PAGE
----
It’s officially our first day of summer break and so far, Parker is sleeping in! I have to add that it’s only 7:18 am but for him, this is sleeping in. It’s probably due to the crazy busy week that we’ve had, which included an awesome birthday party last night, followed by some Yatzee Jr. and Spiderman.
The birthday party, of course, had tons of goodies for the kids (and, ahem, adults) to enjoy but the one thing that Parker seemed the most interested in was the candy. Now this should come as no surprise to me since I could give up every other type of food for the rest of my life, minus sweets. I have dreamed about making the ultra healthy sacrifice of giving up sugar for good, but I can’t get past the fact that sweets create the illusion of happiness in my brain. My all time favorite candy (and possibly favorite treat, period) are the beautifully dainty and delicious Swedish Fish. I cant get enough of these little guys – and it doesn’t help that I now have an excuse to choose these for a treat. After reading Eat This, Not That, my aunt shared an excerpt from the book, exclaiming something along the lines of “When it comes to candy, nothing is better (for you?) than the fish from Sweden.” I literally hear this quote read in my mind anytime I’m craving Swedish Fish. Anyway, thinking about never eating a little red fish for the rest of my life actually makes me sad. You see, growing up, one of my favorite things to do was hang at the public pool all summer long. Once I was old enough, I became a lifeguard and worked at the public pool all summer long. I have a lot of really great memories from that place. Most of which also include Swedish Fish. They sold them in the concession stand there – 2 cents a piece! Anytime I went to the pool (which, like I said, was a lot), I treated myself to Swedish Fish. I don’t even remember ever eating them before I started going to the pool, so the little red fish is tied to all of those good memories. This means that now, every time that I taste that yummy fruitiness, my brain creates the sense of happiness; and a childlike happiness, at that. The same rings true of ice cream (who doesn’t have a thousand great childhood memories that include ice cream), and cookies (baking them at Christmas time with Mammy) and cake (the gum ball machine cake that I had wanted every single birthday from 4 to 8 and finally got at 16). So clearly, I have a pretty strong addiction, or perhaps more along the lines of a love affair, with sugar.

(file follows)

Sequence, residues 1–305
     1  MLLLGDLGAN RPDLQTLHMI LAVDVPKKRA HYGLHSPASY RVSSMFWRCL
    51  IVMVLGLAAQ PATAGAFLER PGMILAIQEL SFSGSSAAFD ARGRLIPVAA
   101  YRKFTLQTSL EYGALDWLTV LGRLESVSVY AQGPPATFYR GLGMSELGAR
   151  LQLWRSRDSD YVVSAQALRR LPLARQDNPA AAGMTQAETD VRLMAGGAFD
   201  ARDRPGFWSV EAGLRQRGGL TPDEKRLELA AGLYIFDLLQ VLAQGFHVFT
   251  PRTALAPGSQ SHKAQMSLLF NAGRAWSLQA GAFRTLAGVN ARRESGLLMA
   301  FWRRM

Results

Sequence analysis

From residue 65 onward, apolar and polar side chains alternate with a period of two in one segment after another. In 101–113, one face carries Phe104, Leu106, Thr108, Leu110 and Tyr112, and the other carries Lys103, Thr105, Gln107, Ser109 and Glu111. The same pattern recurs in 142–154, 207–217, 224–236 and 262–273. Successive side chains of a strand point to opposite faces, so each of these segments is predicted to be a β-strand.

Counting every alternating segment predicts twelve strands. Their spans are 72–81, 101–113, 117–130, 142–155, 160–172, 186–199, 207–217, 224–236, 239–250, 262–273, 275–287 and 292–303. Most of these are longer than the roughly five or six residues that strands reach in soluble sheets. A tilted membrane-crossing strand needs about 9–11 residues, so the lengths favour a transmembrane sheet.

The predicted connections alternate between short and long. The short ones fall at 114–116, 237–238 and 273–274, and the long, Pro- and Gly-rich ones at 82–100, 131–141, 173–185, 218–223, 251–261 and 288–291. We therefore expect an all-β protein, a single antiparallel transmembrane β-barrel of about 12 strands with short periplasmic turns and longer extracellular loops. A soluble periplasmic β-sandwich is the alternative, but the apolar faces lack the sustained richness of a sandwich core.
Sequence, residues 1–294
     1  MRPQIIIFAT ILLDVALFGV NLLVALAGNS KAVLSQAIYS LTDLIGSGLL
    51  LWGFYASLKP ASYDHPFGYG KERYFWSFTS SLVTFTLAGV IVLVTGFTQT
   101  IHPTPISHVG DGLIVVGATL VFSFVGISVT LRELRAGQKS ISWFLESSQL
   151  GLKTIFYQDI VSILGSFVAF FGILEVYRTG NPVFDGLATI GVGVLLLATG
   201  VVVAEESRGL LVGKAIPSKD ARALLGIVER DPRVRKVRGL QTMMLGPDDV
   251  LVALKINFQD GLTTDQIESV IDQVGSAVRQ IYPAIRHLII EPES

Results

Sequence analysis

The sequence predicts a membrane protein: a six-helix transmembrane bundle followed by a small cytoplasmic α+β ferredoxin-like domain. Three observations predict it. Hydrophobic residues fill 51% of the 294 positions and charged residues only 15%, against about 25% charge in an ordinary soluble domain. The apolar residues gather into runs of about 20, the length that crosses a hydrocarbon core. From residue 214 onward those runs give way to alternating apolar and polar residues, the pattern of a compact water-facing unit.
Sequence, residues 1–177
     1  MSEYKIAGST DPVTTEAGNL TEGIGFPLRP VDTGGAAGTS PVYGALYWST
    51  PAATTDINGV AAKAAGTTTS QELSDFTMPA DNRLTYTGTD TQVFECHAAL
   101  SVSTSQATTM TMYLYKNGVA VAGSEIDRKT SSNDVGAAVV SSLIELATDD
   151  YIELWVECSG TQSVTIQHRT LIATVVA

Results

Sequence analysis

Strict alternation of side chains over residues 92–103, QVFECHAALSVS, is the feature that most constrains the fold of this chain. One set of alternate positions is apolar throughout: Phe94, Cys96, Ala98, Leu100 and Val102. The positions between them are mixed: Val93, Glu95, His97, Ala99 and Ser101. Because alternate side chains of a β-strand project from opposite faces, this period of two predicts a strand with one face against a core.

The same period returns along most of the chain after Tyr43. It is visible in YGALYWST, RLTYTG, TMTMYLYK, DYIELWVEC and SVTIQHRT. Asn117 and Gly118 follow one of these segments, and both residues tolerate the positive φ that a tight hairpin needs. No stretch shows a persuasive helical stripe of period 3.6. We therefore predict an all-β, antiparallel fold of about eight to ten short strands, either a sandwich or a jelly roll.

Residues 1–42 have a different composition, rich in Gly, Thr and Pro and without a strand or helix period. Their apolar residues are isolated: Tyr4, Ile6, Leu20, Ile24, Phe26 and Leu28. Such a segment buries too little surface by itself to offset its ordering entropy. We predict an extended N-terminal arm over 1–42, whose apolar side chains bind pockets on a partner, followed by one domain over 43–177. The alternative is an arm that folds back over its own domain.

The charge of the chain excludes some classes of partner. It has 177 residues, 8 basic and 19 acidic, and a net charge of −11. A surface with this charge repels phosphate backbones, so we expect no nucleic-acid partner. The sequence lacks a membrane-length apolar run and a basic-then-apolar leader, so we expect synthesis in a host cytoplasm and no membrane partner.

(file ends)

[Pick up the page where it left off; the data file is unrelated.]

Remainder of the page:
I do have semi control over the sugar situation nowadays though. I don’t keep sweets in my house much and usually, if I do indulge, it’s after the boys are in bed so that they don’t partake (believe me, I know this is sick. I tell myself that I am doing it for the boys’ sake but really, it’s just so that I don’t have to share!) I don’t have a no sugar policy enforced with Parker and Theo but they don’t have sugar on a daily basis. They are definitely more deprived than I was as a child which I do in order to help them create healthy eating habits. But seeing Parker chowing down on the Twizzlers last night, and then sneaking another one after I told him to slow down with it, made me wonder if I was creating an adverse reaction to the very little sugar diet.
So the latest parenting question running through my mind is what are the effects of “heavily monitoring” what a child eats? On one hand I know that every single dietitian/rule of human nature states that what one can not have, one will want – but on the other hand, I was never told that I couldn’t have something and I still wanted it just as much as the deprived kid.
Maybe Parker’s just like I am. Maybe he just gets happy when the sugar chemicals enter his body. Maybe he’s just like every other kid who loves candy. Maybe he’s just like every other kid who loves to defy their parents. All I know is that, as of late, a new word has entered into Theo’s vocabulary.